311. Memorandum of Conversation1


  • Pueblo


  • Anatoliy F. Dobrynin, Soviet Ambassador
  • Under Secretary Katzenbach
  • Deputy Under Secretary Bohlen
  • Robert O. Homme, Staff Assistant to the Under Secretary

Ambassador Dobrynin called at the Under Secretary’s request.2 After greeting the Ambassador and presenting him with commemorative photographs of the NPT signing ceremony, the Under Secretary began by expressing our deep concern over the lack of progress at Panmunjom. He noted that more than 35 days had passed since the [Page 694]last joint meeting and questioned the purpose of continuing these meetings in view of the lack of movement. The Under Secretary noted that the North Korean demands, i.e., that we admit the Pueblo was engaged in espionage, admit intrusion into North Korean waters, apologize and give assurances against any repetition, remain unchanged.

The Under Secretary stated that the US Government is certain the Pueblo did not enter North Korean territorial waters. We assume that the Soviet Government would not wish us to consider the activity of the Pueblo as espionage. As to assurances, this posed no problem since we did not intrude and had no intention of ever doing so.

He pointed out that the Pueblo was becoming more of a public and political issue in the United States. On his recent California trip, the first question asked was always what were we doing to get the Pueblo crew back. He called the Ambassador’s attention to the fact that the biggest ovation Mr. Nixon received during his acceptance address was for his reference to doing something about the Pueblo. The Pueblo will undoubtedly be an issue in the Presidential campaign and the American public would associate the Soviet Union with North Korea. This type of agitation and oratory could not help but have an effect on our relations with the Soviet Union. While we could improve our public image by saying more, this would only increase demands for action.

Referring to a possible solution, the Under Secretary reminded the Ambassador that we have told the North Koreans we would sign an appropriately amended version of the document they tabled on May 8 acknowledging receipt of the crew, if we would simultaneously receive custody of the crew. However, we have received no response to this suggestion.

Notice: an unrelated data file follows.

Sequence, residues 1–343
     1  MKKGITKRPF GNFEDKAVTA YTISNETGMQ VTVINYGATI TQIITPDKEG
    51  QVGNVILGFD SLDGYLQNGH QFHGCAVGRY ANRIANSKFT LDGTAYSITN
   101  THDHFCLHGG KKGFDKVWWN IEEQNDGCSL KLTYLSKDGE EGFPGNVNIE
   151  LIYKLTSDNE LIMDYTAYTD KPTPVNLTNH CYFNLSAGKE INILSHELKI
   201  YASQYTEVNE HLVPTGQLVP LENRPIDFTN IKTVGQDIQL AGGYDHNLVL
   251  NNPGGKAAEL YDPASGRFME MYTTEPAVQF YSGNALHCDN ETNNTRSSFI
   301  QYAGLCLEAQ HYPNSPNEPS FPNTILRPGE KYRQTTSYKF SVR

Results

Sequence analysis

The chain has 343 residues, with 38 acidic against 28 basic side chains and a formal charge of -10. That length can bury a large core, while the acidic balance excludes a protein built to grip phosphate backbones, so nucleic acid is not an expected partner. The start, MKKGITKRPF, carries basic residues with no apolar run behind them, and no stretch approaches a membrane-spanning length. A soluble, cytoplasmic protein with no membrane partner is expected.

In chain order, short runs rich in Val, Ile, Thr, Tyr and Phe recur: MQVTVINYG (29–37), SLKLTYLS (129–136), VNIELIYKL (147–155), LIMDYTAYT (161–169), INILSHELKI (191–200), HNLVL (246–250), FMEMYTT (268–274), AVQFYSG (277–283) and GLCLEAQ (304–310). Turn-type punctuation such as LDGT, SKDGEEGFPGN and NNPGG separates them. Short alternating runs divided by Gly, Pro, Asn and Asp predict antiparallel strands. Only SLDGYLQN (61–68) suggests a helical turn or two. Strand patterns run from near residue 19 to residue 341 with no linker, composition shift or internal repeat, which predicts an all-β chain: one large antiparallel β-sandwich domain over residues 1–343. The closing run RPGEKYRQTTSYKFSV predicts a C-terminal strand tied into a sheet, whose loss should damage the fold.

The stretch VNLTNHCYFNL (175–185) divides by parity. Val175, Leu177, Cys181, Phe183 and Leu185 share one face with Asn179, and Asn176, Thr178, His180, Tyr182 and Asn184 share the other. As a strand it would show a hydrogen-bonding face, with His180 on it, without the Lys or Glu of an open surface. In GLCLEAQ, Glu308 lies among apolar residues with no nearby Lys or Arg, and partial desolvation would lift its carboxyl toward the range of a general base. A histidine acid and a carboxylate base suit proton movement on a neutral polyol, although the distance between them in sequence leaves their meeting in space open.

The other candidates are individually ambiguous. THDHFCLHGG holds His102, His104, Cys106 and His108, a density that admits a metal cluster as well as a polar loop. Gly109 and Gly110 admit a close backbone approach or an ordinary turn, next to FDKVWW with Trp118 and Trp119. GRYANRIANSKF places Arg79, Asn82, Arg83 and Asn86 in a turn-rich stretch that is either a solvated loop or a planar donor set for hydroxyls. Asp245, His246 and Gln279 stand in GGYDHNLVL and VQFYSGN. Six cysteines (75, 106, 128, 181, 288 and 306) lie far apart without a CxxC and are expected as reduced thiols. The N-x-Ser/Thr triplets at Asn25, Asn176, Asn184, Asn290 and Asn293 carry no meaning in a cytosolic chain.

Ambassador Dobrynin replied that the Soviets had received a different version of the facts from the North Koreans. The Under Secretary suggested Ambassador Dobrynin examine the evidence himself. He was confident that if the Ambassador did so he too would be convinced the Pueblo made no intrusion. Ambassador Dobrynin asked why the Soviets should doubt the North Koreans. The Under Secretary replied that he personally knew the Pueblo was under strict orders not to go within 13 miles of the North Korean coast. It had good navigators and there was no reason to believe the Captain would violate his orders or make such a navigational error.

The Under Secretary then asked the Ambassador whether, under similar circumstances, the Soviet Union would apologize for something it knew it had not done. If we had violated North Korean waters, we would, of course, apologize. We did so under similar circumstances when our aircraft violated Soviet air space over the Kurile Islands. The Under Secretary stated he would not hesitate to send another ship [Page 695]within the 12-mile limit and apologize for the intrusion if he thought it would prove this point.

Ambassador Dobrynin commented that perhaps this was a big country-little country problem and that the North Koreans clearly do not view it in the same light as would a large nation.

The Under Secretary repeated his sincere conviction, based on all the evidence which he had personally examined, that there had been no intrusion. He noted again that there was no operational reason for the Pueblo to approach within 12 miles, that navigational errors were unlikely and that if it had intruded we would have apologized.

To this Ambassador Dobrynin again stated that his Government had no reason to doubt the North Korean statement that the Pueblo was in their waters, and mentioned that several of the Pueblo crewmen had admitted this. The Under Secretary observed that the statements made by some crew members could not be verified since no one but North Koreans have been allowed to see them.